The problem is that, while Latinos have higher rates of intergenerational mobility, they start from a much smaller base. And there are two other major differences between Latinos and non-Latino white households that may affect wealth, both related to family. First, Latinos are more likely to support family members in the United States when they have disposable income — 44% report using extra money to invest to help out a family member — and Latino millennials are significantly more likely than their non-Latino counterparts to provide financial support to family (7% versus 53%).

Second, 32% of Latinos send remittances to family outside the United States, with more than two-thirds of those sending up to 30% of their income abroad. These remittances deplete savings to the tune of an estimated $50 billion to $60 billion annually — and account for a third of all remittances sent from the United States to other countries. Latino household wealth could be about $18,000 higher if Latinos instead invested 40% of the average annual remittance value over ten years.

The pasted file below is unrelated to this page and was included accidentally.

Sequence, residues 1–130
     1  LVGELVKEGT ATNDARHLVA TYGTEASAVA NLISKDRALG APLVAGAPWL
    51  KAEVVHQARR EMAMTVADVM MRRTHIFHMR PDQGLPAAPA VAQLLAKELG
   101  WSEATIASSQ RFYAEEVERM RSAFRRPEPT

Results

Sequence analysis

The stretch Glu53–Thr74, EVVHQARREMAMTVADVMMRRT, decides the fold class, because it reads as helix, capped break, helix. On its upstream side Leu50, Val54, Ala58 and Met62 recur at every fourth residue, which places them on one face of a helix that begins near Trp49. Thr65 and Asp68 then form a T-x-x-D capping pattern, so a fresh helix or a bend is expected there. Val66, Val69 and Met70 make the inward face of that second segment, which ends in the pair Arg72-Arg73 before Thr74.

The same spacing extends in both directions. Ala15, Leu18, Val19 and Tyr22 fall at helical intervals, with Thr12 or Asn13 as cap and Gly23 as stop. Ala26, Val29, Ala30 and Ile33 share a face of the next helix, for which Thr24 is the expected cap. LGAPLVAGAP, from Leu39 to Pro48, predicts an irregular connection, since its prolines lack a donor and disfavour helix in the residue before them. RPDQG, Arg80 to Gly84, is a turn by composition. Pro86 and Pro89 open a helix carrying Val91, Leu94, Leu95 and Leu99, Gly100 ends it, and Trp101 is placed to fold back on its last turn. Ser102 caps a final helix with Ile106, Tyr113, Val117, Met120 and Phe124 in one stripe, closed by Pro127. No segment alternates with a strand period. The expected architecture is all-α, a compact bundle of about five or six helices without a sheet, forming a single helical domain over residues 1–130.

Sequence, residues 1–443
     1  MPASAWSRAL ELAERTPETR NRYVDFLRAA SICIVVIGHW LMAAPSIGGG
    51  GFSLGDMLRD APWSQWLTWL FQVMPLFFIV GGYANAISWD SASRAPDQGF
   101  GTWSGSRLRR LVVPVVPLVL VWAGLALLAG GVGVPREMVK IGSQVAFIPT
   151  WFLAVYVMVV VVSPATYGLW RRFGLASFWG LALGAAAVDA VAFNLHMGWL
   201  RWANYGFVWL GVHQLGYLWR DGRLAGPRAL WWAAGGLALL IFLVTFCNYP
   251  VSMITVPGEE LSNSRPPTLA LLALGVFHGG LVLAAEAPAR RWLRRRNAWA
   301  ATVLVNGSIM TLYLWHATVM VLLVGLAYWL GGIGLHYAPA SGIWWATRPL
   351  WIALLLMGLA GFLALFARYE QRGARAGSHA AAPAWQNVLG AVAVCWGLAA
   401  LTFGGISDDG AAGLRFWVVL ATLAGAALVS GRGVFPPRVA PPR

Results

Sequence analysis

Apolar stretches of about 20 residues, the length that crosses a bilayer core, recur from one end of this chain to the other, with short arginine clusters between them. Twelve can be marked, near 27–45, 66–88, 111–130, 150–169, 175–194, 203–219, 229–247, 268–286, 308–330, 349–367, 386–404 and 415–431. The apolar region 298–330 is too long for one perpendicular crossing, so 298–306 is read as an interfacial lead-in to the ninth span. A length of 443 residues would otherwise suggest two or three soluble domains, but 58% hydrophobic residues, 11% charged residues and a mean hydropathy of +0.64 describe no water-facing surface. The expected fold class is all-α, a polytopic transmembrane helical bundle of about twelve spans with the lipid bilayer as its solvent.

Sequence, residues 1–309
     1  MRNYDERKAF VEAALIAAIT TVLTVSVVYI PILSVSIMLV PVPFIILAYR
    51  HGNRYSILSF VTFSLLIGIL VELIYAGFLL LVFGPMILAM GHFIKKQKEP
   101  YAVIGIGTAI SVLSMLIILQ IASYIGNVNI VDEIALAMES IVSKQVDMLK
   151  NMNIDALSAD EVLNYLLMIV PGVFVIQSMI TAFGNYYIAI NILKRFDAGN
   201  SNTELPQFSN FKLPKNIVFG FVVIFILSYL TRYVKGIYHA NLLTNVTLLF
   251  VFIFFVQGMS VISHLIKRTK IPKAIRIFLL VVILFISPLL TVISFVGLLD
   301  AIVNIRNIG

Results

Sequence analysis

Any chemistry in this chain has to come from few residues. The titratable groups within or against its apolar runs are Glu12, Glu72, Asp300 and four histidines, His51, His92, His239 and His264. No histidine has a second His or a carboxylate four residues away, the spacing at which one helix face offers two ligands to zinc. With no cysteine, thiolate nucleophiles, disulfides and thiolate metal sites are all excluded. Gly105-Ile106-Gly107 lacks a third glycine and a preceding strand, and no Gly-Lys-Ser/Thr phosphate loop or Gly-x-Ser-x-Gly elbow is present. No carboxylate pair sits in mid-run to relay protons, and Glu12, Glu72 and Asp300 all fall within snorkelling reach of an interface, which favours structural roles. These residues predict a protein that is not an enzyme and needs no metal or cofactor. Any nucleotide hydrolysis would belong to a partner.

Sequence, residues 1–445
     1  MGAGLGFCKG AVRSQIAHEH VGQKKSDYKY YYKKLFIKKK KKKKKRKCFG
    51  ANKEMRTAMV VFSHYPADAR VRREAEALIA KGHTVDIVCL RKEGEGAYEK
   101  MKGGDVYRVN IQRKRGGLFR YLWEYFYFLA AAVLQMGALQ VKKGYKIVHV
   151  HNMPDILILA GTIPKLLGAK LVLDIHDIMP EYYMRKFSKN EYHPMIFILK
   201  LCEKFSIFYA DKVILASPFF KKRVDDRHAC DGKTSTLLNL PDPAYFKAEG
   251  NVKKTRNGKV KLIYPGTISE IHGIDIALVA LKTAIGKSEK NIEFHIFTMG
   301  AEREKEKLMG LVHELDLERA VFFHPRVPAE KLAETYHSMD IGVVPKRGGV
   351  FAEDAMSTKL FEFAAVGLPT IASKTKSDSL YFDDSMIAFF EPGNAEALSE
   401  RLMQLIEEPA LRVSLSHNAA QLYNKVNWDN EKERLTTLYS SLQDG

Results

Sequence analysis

The McKinsey & Company research has found that Latinos are slowly being more fully integrated into the U.S. economy, but they also demonstrated more evidence that there is a long way to go, especially for first-generation Latino immigrants. The conversation about equitable economic recovery in this country is not only a moral obligation, but also a moral right and one that is in line with the essence of the American dream. This research shows a great opportunity to create policies for a sustainable economy that is more robust and accessible for anyone who wants to achieve their own dreams in America.

EDGAR RAFAEL OLIVO is a bilingual business educator, economic advisor, and contributor for several media outlets. He’s a nonprofit executive who is passionate about education. He is certified in finance and data analytics and holds a business degree from Arizona State University.

Para la versión en español de este artículo, haga clic aquí.